Camelot - 101 - Pilot
STARZ' Camelot seems to have a lot more in common with Disney's Legend of the Seeker than it does with STARZ' other historical\mythical drama Spartacus.
As with Seeker we get a young man (Arthur) who is told that he is not an obscure farm boy but destined to be the most important man in the Kingdom. He is taken under the wing of a sorcerer (Merlin) and eventually loses his own family and fronts up to an evil enemy (half-sister Morgan and King Lot). Sadly as I found with the Seeker pilot, there wasn't a lot to care about here. We spend no time seeing Arthur in his normal life and so we have no reason to see qualities in him to admire yet.
Instead of finding a way to help us to relate to his situation the dialogue was needlessly mysterious and vague:
"My instincts aren't that of a King" - "What if they are and you just don't know it yet?"
"What if I'm wrong?" - "You can't be!"
Then as the big confrontation at Camelot goes down we discover that a man Arthur randomly killed is Lot's son and so Lot drags Arthur's mother in and kills her. This kind of blood feud not only feels trite but pushes us to feel bad for Arthur without the grounding for this tragedy to have much impact.
The thin and vague writing isn't helped by the acting. Morgan (Eva Green) is fine but Arthur (Jamie Campbell Bower) and friend\brother Kay (Peter Mooney) are fairly anonymous and plain. Lot (James Purefoy) is disappointingly hammy in the bad guy role and then we have our old friend Merlin. I say old friend because STARZ chose to cast Joseph Fiennes, Shakespeare in Love to some of you but perhaps forever Mark Benford from Flashforward to me. In my short career as a TV Critic that leading man performance remains incredibly awful and forever made me question Fiennes intelligence as an actor. The fact that he chooses to play Merlin with the same stoic intensity that he used on Benford doesn't fill me with confidence. The producers seem to have left Merlin's role fairly ambiguous here which means Fiennes might well have had the choice to bring some warmth, wit or wisdom to the role but there's none of that on display.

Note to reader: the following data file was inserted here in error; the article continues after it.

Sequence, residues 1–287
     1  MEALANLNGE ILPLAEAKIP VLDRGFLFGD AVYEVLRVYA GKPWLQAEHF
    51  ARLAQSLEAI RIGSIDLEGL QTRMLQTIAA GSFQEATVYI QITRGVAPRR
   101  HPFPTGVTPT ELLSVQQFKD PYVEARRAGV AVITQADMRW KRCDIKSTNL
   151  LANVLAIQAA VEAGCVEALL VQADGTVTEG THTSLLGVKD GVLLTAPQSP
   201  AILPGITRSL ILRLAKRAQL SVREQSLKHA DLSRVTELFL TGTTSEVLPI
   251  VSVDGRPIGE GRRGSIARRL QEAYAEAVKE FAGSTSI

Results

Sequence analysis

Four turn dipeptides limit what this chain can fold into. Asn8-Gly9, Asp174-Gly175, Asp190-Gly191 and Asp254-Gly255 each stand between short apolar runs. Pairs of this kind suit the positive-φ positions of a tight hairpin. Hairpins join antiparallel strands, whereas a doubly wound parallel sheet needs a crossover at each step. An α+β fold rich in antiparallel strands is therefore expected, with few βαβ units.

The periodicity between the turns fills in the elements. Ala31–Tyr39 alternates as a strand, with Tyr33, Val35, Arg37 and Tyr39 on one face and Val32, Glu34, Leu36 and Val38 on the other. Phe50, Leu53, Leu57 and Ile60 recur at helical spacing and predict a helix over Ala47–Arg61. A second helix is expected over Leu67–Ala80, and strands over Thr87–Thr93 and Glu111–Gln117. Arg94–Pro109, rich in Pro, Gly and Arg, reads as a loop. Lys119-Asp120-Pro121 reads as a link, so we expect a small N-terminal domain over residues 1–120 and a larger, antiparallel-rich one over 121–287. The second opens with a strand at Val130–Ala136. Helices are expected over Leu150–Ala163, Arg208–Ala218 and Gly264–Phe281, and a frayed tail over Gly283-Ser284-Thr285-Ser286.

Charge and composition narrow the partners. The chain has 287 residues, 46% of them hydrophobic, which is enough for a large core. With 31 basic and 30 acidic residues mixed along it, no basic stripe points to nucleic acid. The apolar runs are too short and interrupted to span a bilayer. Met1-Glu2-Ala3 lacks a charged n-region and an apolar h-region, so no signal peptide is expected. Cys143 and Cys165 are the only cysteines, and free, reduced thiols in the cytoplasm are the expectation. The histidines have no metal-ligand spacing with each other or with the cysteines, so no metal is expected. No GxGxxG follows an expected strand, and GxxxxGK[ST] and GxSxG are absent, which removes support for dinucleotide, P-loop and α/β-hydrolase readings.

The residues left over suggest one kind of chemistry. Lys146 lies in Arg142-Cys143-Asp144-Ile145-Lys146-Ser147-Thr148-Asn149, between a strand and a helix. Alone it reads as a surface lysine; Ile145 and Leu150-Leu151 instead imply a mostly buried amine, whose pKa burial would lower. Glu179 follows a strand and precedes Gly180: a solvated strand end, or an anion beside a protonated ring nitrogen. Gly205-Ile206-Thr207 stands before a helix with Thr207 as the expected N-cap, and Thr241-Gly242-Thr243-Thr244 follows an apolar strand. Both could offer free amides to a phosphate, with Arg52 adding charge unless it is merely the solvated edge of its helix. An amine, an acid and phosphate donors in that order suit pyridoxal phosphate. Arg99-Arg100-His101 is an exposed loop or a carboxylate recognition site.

I will give the show another chance but this was a deeply disappointing debut. What Spartacus did so exceptionally was to peel back the layers of Roman Society and reduce much of the drama to the simple desires and needs of its protagonists. Anyone can follow simple tales of jealousy, ambition, love, greed and hard work. I would recommend Camelot find its own way to peel back the layers and find similar emotions.